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Jamaican economy contracts 11.3 percent in Q3, unemployment worse than in 2008 – PIOJ

Jamaica’s economy shrank 11.3 percent in the third quarter of 2020 (July to September), according to preliminary data released by the Planning Institute of Jamaica (PIOJ) on Wednesday (November 18).

The data further revealed that the fall in employment in July 2020, of 135 800 persons, represented the largest year-on-year contraction ever, surpassing the dismal unemployment figures recorded in the 2008 Global Economic/Financial crisis.

The PIOJ said the contraction in the economy was due to a number of factors, primarily the surge in COVID-19 cases and the policies implemented to deal with the pandemic.

While the phased re-opening of the economy has tempered the rate of contraction, all major sectors with the exception of agriculture and construction recorded declines.

Agriculture increased 2.0% over the period with the increase in growth attributed to the Productivity Incentive Programme which provided fertilizer and seedlings to farmers and the Agriculture Excess Buy-Back Programme which provided an outlet for farmers’ produce in light of the oversupply as a result of reduced demand caused by COVID-19.

However, the PIOJ anticipates that the sector will take a short term hit in the next quarter as a result of adverse weather conditions during the October–December 2020 period, which destroyed crops in the field and delayed the replanting efforts of farmers.

The 5.0% increase in the construction industry was attributed to big spending activities by the National Works Agency, NROCC, and other civil engineering expenditure. In addition the industry remained relatively robust owing to its exemption from some COVID-19 management measures.

The sharpest declines were recorded in the service industry with reductions in transport, storage and communication as well as hotels and restaurants .

Transport, Storage & Communication

The transport, storage and communication category declined by 17.4% which according to the PIOJ was primarily driven by a reduction in air, sea and land transportation activities. Air transport was down 82.4% reflecting the decline in passenger movement, down 82.4%. Similarly, air cargo movement also declined, registering a contraction of 18.6%.

Hotels & Restaurants

Hotel and restaurants took a major hit declining by 63.8% impacted by precipitous declines in arrivals from the major source markets and the lack of cruise passengers.
Lower Arrivals were recorded in the main source markets, representing an 81.8 percent decline:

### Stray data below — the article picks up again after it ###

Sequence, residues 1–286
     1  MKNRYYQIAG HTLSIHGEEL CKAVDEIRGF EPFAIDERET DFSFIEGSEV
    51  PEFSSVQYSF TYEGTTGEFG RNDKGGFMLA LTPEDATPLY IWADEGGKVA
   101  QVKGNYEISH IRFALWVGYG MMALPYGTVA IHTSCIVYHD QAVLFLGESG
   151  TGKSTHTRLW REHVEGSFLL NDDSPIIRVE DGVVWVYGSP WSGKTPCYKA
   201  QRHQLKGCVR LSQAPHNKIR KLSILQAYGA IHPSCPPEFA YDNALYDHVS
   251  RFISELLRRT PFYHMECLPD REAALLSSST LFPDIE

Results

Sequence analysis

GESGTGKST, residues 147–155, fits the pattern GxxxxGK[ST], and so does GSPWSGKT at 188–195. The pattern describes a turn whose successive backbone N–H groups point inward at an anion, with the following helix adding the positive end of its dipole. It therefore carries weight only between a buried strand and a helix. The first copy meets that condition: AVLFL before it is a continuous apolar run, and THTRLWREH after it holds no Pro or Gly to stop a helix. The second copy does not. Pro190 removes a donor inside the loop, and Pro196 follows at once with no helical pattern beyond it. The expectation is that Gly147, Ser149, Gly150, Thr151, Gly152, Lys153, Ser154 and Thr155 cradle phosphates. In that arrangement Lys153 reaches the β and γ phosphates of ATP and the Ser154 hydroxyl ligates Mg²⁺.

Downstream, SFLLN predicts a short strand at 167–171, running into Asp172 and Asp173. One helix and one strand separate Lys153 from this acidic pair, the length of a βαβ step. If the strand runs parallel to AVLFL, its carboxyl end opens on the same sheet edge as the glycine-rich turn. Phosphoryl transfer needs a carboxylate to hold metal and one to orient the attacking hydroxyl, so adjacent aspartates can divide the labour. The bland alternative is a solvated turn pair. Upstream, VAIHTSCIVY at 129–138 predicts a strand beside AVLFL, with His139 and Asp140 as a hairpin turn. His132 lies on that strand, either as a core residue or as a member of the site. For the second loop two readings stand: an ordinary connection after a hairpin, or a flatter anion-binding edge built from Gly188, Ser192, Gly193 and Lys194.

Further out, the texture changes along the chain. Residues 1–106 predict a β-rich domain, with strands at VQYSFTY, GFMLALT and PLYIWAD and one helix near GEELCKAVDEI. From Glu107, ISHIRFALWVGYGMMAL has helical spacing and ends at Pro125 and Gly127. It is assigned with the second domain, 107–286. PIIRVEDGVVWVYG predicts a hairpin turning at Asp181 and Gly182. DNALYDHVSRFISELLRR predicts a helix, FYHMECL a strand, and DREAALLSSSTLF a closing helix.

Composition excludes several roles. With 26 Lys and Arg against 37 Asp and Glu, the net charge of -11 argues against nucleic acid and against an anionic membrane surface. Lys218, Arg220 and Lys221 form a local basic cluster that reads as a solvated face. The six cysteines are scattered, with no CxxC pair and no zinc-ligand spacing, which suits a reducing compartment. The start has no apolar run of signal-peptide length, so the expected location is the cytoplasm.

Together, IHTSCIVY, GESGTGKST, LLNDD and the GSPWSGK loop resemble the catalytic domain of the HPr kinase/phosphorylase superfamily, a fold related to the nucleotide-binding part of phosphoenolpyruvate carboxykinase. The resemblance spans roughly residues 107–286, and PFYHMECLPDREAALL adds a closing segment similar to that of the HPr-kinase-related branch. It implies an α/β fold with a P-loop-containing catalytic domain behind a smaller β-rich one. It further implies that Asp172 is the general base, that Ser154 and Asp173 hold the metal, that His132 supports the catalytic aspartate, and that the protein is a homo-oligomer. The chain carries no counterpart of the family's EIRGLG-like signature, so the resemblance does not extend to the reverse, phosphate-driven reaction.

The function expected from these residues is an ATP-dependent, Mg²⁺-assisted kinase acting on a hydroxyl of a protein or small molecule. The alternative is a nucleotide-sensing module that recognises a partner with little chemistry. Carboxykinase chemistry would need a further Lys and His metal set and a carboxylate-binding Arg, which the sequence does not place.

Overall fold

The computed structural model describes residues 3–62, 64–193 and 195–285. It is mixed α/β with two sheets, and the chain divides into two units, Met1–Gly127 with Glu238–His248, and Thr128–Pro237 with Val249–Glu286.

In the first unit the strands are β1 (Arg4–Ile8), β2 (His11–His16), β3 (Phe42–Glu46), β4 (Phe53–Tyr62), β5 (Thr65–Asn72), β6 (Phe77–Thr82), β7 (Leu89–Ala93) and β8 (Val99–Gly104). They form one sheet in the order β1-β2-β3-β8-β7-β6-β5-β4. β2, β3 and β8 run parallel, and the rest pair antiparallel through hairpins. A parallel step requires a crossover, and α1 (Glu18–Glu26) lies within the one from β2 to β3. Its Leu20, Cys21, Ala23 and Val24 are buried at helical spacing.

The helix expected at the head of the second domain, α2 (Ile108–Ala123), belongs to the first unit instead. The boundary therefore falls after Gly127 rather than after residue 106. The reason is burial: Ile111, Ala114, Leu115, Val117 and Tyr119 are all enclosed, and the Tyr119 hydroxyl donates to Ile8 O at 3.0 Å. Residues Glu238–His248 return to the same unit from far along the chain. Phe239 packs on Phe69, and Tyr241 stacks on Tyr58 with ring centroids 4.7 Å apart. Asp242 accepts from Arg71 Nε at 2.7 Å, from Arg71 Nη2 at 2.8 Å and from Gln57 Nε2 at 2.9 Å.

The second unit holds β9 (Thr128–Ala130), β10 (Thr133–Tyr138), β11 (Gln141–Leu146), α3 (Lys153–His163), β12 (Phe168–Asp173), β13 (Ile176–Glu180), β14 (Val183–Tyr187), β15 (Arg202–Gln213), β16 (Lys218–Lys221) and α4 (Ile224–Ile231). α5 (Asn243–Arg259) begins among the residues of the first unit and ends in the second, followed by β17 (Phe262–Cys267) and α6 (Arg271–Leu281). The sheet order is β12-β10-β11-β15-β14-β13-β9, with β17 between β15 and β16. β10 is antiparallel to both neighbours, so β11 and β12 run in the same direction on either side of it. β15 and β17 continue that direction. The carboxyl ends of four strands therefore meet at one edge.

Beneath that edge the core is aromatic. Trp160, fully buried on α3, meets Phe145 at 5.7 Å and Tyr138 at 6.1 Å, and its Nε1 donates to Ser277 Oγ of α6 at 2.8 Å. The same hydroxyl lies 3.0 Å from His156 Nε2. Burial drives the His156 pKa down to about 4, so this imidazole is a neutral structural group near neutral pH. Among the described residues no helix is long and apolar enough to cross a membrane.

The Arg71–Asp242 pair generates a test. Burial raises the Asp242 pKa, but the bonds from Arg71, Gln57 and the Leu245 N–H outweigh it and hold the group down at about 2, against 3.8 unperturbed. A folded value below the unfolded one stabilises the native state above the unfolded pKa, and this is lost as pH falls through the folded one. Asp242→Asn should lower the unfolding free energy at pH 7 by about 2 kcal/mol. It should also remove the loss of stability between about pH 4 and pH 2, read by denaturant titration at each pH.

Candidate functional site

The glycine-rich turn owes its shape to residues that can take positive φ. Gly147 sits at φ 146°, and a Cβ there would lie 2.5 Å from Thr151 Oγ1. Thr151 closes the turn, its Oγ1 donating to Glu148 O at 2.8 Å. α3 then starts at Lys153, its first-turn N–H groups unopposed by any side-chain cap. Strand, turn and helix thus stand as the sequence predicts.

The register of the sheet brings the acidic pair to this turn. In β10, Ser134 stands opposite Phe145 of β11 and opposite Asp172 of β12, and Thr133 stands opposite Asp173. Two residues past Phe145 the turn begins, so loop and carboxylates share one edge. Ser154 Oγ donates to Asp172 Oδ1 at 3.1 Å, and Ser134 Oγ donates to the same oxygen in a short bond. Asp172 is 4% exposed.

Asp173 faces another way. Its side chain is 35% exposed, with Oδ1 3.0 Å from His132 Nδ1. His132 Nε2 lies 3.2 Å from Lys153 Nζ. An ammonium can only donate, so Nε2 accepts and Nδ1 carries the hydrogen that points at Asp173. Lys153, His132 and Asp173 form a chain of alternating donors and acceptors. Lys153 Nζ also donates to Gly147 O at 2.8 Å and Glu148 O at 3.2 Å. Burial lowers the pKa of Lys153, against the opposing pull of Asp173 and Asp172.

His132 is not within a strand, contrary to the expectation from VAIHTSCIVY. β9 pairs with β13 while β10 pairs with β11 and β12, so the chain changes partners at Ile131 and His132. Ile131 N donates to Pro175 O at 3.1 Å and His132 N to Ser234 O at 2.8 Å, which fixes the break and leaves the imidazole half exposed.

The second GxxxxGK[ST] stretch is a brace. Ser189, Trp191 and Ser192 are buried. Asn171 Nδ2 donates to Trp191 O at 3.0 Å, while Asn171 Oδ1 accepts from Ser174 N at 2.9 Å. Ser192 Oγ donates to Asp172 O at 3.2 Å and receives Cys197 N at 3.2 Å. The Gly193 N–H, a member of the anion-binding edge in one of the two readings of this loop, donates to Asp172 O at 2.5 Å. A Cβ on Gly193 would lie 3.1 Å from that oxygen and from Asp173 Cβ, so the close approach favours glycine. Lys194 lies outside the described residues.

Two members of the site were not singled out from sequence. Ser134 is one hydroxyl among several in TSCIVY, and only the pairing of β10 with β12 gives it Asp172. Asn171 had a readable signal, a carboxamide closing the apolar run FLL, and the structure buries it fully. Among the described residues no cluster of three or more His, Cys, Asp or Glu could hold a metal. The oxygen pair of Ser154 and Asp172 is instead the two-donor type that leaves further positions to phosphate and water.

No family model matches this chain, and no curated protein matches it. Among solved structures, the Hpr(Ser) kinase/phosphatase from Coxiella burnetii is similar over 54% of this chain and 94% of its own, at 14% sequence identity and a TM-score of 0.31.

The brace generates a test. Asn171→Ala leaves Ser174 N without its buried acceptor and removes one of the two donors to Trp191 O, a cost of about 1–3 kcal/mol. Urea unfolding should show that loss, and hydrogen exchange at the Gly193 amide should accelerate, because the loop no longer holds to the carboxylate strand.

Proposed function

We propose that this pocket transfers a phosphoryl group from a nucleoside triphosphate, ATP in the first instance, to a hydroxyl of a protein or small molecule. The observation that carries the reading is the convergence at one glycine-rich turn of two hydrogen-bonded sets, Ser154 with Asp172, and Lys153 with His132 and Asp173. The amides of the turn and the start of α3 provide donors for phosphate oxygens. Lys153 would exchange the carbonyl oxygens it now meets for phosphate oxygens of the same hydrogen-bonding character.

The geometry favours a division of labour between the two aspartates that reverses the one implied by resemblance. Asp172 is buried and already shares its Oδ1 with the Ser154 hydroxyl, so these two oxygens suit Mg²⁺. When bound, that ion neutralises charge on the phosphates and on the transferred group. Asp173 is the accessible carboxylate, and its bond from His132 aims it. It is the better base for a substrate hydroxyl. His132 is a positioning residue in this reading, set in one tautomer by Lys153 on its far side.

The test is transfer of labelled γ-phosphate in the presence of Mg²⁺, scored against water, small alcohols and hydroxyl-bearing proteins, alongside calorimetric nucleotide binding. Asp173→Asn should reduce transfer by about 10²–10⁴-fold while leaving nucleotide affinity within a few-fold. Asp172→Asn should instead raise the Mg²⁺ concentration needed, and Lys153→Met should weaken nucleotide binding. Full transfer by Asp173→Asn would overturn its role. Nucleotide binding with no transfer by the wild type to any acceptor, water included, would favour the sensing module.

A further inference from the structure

USA, down 78.3% to 97 667 persons
Europe, down 91.2% to 6 924 persons;
Canada, down 88.2% to 7 928 persons.

When will the economy recover?

According to the PIOJ, within the current context, the economic downturn is anticipated for the remainder of this calendar and fiscal year. The agency is forecasting that for the October to December 2020 the economy will further contract within a range of -9% to -11%, resulting in a calendar year contraction in the range of -10.0% to -12.0%.

The planning institute said while the jobs numbers are worse than they were in the 2008 Global Economic/Financial crisis which saw 90,900 Jamaicans lose their employment over a 3-year period, it is is expected that the labour market will bounce back within 2 to 3 years.

According to the PIOJ, in the period prior to the COVID-19 pandemic, the Jamaican economy benefited  from macro-economic stability relative to the state of the economy prior to the 2008 crisis.

“Following the crisis of 2008, GDP took 11 years to recover while employment took approximately 8 years. It should be noted however that during the period prior to the COVID-19 pandemic, the Jamaican economy benefited from the implementation of the Economic Reform Programme which resulted in entrenched macro-economic stability evidenced by low unemployment and inflation rates; a declining debt-to-GDP ratio; and seven consecutive years of economic growth,” said the planning institute.

“Given these improvements of economic fundamentals, the Jamaican economy was in a strengthened position at the onset of the pandemic, relative to the state of the economy prior to the 2008 crisis. In light of this improved position, current projections are for GDP levels to recover within 3 to 4 years and the labour market within 2 to 3 years,” added the institute.

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